A bunch of stuff was out of tune Thursday.
During the Remembrance Day service the kindergartens, grade 1 and grade 2 shared. They shared K’Naan’s Wavin Flag. If you haven’t listened to it, do.
The kids rocked it. I mean really, really rocked it. My senior kids have begun to study performance poetry. Some of my grade 11/12 have been invited into elementary classes to share their passion for performance. So Thursday, when those little ones began rocking out, my kids got fired up. I got fired up. And I have to admit, I did absolutely nothing to quiet my kids. In fact, I joined in. I was joyful right alongside my kids. The south side of the gymnasium where the student body was seated was gleeful. The north side of the gymnasium where the community was seated was… not so much. When one of the grade 1, by memory, recited the lines Drake shares in the young artists’ version, almost every pair of Language Learning eyes from grade 9 to 12, turned and looked at me, and in unison mouthed, “Wow!”
It was a gutsy performance by an amazing group of young kids and their amazing teacher. The teacher is a person my kids know and respect. We are a rural school. We are one close, big family. When the song ended, my kids were on their feet, cheering and clapping. Actually, my kids and I were on our feet, cheering and clapping…
Things sort of went down-hill from there.
The event was not an assembly, but a service.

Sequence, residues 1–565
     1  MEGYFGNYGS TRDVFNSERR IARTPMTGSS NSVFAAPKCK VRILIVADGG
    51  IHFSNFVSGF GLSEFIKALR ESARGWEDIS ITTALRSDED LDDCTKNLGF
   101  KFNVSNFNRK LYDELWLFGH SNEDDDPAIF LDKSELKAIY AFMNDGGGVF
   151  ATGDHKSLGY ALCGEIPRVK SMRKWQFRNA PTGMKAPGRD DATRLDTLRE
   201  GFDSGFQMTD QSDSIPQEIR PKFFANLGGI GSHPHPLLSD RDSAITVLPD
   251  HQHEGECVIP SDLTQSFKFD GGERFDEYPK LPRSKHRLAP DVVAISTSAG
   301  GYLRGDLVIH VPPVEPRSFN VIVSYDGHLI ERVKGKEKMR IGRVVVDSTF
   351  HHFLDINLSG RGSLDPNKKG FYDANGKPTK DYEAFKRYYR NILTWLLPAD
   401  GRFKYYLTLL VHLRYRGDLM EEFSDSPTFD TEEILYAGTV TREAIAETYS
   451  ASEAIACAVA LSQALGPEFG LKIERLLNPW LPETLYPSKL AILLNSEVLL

My students love performance poetry. They love giving voice to issues that need voice. So, with mic in hand, they continued to share pieces filled with meaning for the day and filled with meaning for today’s youth.
The room grew yet more distant, and we had not yet come to the Last Post.
When the trumpets played a child in the section reserved for community began to softly sing and to cry following along with the trumpet tune. I thought the sound, the addition, beautiful. An adult tried to hush the child.
As we transitioned into a moment of silence, the child continued to sing softly. I think this was my favourite part of the service, certainly, the part that resonated.
I do remember. And so do my kids. And so too will the wee ones who, for the most part, spend each day at the other end of the school.
As my kids cleaned up the gymnasium, a few shared that some of their parents and a few members of the community were not entirely happy with our exuberance.
With the community making its way out the doors, my kids and I returned to our room. Then, a few kids zipped off down the hall to the store room to fetch an old piano. During transport, the piano left a rather large scuff in the wax the length of the hallway, joining until the winter-break-waxing, the elementary end with the high school end. An elementary student, flanked by community members, paused at the scuff and then looked at me.
“What are you going to do about it?”
Well, the piano is for our room, out of tune or not, but wanted. Yes, it is a rather old, dark grey-ish fading piano, but the kids chose it. The moment it was in our room, the kids pulled off a few boards so the piano’s insides became visible. Monday, we begin to graffiti piano’s shell. We do this because we’re a family. We do this to stay a family. We do it with the Principal’s approval.
I just want to celebrate successes, you know. I get so caught up in the good. I never mean disrespect. This isn’t an apology, since I know in a heartbeat, I’d cheer again. I am just trying to envision remembrance in a space where silence and scuff and kids and cori are allowed room to sing.